Beds, breakfasts, and inns, oh my!
March 28, 2013 11:31 AM   Subscribe

What is it actually like to work at a bed and breakfast or a small inn?

(Boring backstory: I've been grappling for pretty much ever on "what I want to be when I grow up." I always told myself if I hit 25 and I wasn't happy/on a path, I'd go back to school for teaching. WELL, today is my 25th birthday, I've been accepted to a teaching program - buuuut I'm not sure I'm feeling it. And I don't want to go through all that time and money just because I always said I would - when I may not enjoy it and/or not be able to get a job after.)

Long story short, though, I've realized recently that I've might like running/working in a B&B. I'm looking into trying to find one to work at for a while (easier said than done, probably), but in the mean time, I'm looking for anecdata & more on pros, cons, and what it is really like behind the scenes. (And not just from the cheesy Nora Roberts books I've been reading!)

Also: I know you can go to school for hospitality management. I already have a BS in business and a certificate in pastry arts, but I'm happy to go back to school IF it would help. Unfortunately, I don't know that it would. Has anyone been to school for hotel management and has thoughts on it?

Thanks, mefites!
posted by firei to Work & Money (6 answers total) 6 users marked this as a favorite
Thing 1: Happy birthday!

Thing 2: I am not 100% qualified to answer your question, but maybe 80% -- I spent my late twenties and thirties working in (and later running) a series of small hotels and hostels. Without a doubt, best job of my life. You meet fascinating people every day, you get to be the face of your city/town to newcomers, you get to help people with decisions about how to spend their time in an unfamiliar place when they need suggestions and without even trying you will make lifelong friends. The hours can be long, and nobody does it because they are going to get rich from it, but it is satisfying in a way few jobs are. I am still in touch with many of my colleagues from the olden days and most have moved on to other fields, but I hear the phrase "best job I ever had" from quite a few of them when we reminisce about our days behind the front desk.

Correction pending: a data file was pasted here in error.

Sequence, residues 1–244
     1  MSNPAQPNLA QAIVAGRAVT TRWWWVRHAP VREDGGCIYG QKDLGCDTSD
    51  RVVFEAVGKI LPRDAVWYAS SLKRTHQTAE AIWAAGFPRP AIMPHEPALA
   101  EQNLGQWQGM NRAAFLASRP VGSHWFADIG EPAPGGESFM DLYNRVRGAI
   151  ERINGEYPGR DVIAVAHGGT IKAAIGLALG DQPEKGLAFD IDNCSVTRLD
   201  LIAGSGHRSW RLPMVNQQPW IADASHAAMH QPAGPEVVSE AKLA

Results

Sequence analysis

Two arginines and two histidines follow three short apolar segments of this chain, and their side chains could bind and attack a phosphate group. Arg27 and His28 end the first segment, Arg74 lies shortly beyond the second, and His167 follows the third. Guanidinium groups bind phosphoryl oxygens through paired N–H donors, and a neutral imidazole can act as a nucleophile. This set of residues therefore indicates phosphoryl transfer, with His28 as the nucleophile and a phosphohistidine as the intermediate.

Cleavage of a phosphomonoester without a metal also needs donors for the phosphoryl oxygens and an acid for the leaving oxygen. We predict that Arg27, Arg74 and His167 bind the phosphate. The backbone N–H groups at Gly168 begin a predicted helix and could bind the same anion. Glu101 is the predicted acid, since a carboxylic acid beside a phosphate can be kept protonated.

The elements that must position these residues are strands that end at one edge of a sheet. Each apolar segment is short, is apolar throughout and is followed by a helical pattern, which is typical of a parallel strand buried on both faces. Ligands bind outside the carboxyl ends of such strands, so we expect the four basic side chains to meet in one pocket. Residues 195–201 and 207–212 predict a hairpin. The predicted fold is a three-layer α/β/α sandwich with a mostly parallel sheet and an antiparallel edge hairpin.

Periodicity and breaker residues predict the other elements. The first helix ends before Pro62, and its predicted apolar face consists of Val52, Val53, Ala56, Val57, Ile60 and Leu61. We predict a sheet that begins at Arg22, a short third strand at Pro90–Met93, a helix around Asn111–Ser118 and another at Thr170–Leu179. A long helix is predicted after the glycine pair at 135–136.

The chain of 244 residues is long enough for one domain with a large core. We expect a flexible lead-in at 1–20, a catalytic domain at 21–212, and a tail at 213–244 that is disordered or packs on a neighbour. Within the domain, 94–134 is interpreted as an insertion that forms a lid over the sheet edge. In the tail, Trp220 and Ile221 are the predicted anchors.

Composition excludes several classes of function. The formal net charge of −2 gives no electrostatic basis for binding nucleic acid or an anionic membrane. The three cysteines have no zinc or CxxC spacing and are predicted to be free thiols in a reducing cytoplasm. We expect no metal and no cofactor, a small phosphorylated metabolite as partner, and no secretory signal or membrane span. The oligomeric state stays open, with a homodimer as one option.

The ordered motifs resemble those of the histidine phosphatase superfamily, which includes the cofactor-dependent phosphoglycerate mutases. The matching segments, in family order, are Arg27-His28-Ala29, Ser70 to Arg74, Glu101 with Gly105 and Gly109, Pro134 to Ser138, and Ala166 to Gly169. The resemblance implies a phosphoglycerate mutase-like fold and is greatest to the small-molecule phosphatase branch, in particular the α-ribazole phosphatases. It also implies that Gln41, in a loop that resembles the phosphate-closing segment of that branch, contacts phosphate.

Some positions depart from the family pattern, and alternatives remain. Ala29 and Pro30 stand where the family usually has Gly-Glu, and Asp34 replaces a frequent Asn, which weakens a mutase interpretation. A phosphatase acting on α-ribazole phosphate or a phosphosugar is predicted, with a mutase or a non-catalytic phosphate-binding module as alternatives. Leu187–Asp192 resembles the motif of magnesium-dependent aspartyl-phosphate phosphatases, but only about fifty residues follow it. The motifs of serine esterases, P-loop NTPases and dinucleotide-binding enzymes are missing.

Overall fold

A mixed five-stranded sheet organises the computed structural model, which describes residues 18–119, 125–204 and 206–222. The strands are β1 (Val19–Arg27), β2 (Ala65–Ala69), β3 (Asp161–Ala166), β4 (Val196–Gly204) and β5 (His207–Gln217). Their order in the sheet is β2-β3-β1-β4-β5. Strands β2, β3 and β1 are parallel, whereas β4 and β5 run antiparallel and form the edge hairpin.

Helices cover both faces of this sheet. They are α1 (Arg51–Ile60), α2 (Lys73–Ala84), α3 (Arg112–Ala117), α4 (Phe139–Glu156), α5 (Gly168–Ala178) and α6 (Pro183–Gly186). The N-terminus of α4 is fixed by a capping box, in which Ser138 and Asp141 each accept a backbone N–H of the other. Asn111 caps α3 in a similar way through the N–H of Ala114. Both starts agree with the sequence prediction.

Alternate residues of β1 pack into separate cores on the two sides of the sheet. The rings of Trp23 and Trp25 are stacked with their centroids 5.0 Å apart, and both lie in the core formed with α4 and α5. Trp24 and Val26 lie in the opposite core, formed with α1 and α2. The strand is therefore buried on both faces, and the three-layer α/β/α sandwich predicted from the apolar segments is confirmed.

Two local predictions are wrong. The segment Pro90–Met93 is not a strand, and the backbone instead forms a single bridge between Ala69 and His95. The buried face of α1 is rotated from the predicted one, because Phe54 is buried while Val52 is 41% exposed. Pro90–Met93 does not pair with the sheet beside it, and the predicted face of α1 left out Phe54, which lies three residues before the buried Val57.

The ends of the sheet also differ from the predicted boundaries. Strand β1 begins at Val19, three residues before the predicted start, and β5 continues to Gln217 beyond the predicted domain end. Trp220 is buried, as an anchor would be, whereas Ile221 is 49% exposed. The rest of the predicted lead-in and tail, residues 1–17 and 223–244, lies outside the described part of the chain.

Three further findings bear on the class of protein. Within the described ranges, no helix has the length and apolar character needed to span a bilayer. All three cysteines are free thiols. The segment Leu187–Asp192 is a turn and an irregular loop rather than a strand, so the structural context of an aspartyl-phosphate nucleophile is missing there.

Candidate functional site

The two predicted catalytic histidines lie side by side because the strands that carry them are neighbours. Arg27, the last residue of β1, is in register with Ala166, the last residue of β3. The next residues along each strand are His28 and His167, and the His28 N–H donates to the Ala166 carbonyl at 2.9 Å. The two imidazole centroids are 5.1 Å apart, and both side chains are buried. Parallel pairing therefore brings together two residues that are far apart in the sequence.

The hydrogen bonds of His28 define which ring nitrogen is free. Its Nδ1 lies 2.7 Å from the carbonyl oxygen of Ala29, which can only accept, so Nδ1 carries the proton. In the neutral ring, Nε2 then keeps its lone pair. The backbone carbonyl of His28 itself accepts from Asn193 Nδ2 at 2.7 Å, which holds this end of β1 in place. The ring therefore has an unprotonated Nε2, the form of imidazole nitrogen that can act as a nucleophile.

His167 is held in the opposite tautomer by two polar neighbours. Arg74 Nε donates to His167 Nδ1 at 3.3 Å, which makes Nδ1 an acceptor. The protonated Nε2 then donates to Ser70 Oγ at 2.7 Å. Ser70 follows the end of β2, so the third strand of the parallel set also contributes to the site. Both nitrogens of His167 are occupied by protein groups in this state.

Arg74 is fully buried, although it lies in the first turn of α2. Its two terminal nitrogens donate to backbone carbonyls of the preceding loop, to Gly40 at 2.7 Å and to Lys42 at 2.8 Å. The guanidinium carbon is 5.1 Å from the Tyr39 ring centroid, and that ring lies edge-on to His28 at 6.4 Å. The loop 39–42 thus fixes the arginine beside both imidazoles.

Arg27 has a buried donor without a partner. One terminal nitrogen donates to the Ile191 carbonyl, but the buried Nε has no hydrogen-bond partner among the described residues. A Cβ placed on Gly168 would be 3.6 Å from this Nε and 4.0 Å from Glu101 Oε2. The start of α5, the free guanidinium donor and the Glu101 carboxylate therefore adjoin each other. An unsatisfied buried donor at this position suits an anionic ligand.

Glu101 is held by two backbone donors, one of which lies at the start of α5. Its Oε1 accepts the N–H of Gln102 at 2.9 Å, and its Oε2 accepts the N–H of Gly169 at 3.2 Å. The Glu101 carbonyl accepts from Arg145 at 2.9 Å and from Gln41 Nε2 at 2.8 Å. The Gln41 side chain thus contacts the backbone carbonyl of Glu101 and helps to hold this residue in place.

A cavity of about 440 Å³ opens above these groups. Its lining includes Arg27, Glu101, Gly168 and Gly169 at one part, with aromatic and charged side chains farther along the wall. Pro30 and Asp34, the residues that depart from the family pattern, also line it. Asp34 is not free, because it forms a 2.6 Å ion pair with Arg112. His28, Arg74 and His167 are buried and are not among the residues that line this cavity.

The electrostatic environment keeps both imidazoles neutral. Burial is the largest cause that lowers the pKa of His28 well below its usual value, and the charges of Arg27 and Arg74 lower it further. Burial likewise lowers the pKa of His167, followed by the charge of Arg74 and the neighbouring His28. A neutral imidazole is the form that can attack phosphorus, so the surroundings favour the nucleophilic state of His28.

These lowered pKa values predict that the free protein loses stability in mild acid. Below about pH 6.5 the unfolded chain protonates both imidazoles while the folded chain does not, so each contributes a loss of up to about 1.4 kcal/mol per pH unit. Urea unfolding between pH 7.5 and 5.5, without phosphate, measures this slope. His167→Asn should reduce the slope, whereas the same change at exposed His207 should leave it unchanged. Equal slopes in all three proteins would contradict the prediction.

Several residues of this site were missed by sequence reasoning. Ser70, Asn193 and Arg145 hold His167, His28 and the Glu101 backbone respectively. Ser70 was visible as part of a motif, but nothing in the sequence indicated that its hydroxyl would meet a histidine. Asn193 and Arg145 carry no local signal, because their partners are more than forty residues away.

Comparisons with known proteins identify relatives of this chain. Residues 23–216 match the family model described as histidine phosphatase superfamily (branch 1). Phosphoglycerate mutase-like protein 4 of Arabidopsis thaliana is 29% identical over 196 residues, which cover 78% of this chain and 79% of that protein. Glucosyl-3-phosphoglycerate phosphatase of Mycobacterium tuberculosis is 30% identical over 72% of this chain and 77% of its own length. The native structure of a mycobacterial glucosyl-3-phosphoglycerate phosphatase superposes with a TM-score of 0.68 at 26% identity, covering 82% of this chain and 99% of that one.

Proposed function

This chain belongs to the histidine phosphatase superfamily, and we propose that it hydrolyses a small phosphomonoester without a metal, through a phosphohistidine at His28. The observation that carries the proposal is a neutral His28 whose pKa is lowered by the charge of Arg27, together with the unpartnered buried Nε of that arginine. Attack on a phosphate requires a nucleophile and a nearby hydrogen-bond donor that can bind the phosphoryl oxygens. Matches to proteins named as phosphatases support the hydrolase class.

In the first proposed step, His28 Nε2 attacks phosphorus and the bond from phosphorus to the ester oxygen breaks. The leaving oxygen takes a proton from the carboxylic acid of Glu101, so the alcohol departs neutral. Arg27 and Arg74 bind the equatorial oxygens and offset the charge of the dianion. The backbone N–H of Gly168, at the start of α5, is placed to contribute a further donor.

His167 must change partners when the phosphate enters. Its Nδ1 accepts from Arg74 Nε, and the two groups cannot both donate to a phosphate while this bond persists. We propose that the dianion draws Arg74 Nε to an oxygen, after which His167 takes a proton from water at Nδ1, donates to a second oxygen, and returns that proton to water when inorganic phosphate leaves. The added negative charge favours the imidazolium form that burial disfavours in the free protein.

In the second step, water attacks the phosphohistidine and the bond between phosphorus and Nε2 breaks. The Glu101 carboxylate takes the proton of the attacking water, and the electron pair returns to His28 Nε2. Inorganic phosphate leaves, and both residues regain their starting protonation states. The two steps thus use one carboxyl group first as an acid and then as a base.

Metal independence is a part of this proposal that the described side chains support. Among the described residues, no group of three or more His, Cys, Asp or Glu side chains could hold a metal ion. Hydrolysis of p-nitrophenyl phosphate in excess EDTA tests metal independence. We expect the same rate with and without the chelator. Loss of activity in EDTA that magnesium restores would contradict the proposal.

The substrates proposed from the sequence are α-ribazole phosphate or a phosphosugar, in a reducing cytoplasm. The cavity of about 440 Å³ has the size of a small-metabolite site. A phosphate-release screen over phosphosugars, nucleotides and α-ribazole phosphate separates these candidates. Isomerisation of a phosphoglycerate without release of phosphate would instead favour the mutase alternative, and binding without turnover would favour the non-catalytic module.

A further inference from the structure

posted by ricochet biscuit at 11:58 AM on March 28, 2013

Well, I think if you want to run a B&B, you'd want to own the building. That probably entails a lot of start up cash. (I've been sort of looking into this.) A nice historic 5 or 6 bedroom house in Seattle easily costs $1M. Obviously, if you're not in a major city, you could buy a property for cheaper. With a commercial loan, you probably want 25% down, with extra for closing costs, the first 6 months of payments (when you don't have a steady income stream yet), and money for renovation/licensing/advertising. So you'd probably want at least $300k in cash.

The rest is just calculating how much you need to make enough money to live off of. And if that's worth it.

Keep in mind that if you actually own the B&B, you likely won't be able to travel much, unless you have someone you trust very much to run it for you in your absence. Shutting down your income for a month so you can travel sounds terrifying to me.
posted by ethidda at 12:04 PM on March 28, 2013